For the Poor, Even a Small Medical Bill Can Trigger Coverage Loss
WEDNESDAY, May 12, 2021 (HealthDay News) – When people with low incomes are asked to help pay for their health insurance, some drop their coverage, even when bills as low as $20 per month arrive.
That's the upshot of a new study of Medicaid expansion in the state of Michigan.
Leaving the insurance plan means people may miss out on preventive care or timely treatment of illnesses. It could also saddle the insurance company with a sicker pool of patients, according to researchers, who said their findings have implications for other states that require low-income people to pay for Medicaid coverage or are considering doing so.
"Disruptions in Medicaid coverage -- also known as churn -- can lead to worse quality care, higher administrative costs and less chance for the population to receive needed but non-urgent preventive services," said lead author Betsy Cliff, who led the study as University of Michigan doctoral student. She's now an assistant professor of public health at the University of Illinois Chicago.
For the study, her team examined Michigan's Medicaid expansion program -- dubbed the Healthy Michigan Plan -- which provides health coverage to nearly 906,000 people.
It was among the first in the United States to require some low-income participants to pay monthly fees. Most also have co-pays for services.
The program is open to adults making up to 138% of the federal poverty level — about $17,700 for a single-person household in 2021.
Those whose income exceeds the poverty level ($12,880 for one-person household) pay the fees, starting six months after enrollment. An individual at the poverty line might be charged $20 per month, though the amount can reduced by adopting healthy behaviors after a talk with the doctor.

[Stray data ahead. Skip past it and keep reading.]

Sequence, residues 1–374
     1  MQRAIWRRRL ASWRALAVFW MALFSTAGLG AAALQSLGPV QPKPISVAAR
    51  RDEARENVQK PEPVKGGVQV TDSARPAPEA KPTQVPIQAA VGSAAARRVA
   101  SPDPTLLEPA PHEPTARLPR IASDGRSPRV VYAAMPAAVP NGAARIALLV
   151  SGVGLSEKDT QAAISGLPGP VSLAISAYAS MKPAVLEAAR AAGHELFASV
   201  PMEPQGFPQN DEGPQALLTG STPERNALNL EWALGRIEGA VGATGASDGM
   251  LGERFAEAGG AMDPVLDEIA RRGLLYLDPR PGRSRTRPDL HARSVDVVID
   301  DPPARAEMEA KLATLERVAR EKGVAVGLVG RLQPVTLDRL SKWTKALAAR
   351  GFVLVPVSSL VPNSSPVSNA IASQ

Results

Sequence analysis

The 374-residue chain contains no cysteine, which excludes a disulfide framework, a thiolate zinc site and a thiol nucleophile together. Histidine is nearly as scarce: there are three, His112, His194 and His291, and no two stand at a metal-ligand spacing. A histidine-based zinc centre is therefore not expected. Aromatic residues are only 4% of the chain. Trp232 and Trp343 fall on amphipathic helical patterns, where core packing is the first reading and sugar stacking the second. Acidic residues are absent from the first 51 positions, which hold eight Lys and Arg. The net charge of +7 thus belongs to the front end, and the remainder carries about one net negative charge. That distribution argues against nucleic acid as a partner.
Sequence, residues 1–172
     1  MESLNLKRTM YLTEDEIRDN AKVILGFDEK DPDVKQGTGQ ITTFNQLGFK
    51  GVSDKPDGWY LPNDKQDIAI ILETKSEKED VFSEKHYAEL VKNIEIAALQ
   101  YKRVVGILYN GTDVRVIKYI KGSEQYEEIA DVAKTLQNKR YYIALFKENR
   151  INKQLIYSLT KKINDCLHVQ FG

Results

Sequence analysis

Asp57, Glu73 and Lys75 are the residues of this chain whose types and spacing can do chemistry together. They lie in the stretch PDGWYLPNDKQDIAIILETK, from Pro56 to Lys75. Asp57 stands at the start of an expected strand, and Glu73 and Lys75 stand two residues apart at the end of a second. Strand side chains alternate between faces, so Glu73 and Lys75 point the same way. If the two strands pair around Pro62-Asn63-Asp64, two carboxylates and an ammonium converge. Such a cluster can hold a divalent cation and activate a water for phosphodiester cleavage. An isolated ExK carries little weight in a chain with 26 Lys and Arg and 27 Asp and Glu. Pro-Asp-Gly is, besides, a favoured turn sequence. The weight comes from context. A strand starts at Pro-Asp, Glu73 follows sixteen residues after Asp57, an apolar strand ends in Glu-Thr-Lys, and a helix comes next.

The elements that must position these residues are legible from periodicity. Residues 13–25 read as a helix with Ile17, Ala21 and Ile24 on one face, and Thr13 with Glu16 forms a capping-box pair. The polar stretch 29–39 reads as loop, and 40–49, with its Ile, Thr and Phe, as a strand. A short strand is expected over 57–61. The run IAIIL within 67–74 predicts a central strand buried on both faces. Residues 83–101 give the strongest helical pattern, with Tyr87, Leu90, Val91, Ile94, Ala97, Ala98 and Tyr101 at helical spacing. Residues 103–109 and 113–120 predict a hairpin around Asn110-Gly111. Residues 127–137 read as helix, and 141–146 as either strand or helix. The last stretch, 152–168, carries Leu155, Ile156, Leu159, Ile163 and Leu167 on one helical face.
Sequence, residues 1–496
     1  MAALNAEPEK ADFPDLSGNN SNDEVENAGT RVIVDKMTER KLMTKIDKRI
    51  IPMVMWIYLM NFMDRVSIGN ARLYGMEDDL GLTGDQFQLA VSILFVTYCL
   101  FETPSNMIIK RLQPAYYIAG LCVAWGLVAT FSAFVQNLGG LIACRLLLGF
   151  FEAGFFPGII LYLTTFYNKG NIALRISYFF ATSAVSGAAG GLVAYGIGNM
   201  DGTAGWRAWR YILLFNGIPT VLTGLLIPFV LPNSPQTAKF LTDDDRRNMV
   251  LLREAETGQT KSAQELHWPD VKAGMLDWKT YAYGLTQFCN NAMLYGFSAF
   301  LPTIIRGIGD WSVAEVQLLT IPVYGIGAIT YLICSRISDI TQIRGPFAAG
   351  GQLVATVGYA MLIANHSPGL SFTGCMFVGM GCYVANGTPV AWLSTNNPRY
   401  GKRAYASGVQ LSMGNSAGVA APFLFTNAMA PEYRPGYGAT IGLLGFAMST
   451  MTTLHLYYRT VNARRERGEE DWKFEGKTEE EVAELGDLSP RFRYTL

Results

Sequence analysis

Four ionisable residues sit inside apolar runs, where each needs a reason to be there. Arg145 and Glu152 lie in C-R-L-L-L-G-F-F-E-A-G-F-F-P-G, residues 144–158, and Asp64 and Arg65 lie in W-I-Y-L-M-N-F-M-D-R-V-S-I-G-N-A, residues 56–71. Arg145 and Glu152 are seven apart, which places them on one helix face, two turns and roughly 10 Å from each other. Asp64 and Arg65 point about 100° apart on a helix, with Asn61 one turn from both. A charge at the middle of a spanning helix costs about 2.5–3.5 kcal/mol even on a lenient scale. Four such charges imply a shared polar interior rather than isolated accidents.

The study used data from March 2014, when the program began, and followed participants through September 2016.
Over six months, about 20% of participants left the plan. And once they began owing monthly fees, 12% more left. Disenrollment rose by nearly 1 percentage point for every dollar charged monthly, the study found.
For members who had no chronic disease care or whose spending was below the median (meaning half spent more, half spent less), a premium increased the odds of disenrollment by about 3 percentage points. Disenrollment did not increase among those who received care or had higher health care spending in their first months with insurance.
Those who stopped their coverage had medical spending in their first six months of enrollment that was 40% lower than spending for those who stayed in. Being billed for co-pays did not seem to impact leaving the program.
The findings were recently published as a working paper through the National Bureau of Economic Research, ahead of publication in the American Journal of Health Economics.
The Kaiser Family Foundation has more research on the gap in health care coverage.
SOURCE: Michigan Medicine – University of Michigan, news release, May 10, 2021